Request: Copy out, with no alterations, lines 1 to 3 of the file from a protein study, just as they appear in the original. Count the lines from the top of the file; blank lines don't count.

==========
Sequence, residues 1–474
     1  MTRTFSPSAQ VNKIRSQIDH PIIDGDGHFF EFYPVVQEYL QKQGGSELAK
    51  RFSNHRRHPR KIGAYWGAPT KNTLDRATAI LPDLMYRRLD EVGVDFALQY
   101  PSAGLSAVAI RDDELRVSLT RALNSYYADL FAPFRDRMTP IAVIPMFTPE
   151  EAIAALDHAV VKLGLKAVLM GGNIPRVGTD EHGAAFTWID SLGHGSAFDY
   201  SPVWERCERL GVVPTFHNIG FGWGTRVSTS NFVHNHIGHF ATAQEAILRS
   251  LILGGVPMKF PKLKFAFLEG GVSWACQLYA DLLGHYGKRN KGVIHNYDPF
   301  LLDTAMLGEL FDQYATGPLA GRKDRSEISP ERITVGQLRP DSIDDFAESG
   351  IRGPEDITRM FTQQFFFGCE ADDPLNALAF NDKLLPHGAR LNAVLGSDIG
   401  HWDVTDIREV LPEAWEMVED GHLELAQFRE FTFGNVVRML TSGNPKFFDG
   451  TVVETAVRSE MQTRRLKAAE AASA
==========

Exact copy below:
Sequence, residues 1–474
     1  MTRTFSPSAQ VNKIRSQIDH PIIDGDGHFF EFYPVVQEYL QKQGGSELAK
    51  RFSNHRRHPR KIGAYWGAPT KNTLDRATAI LPDLMYRRLD EVGVDFALQY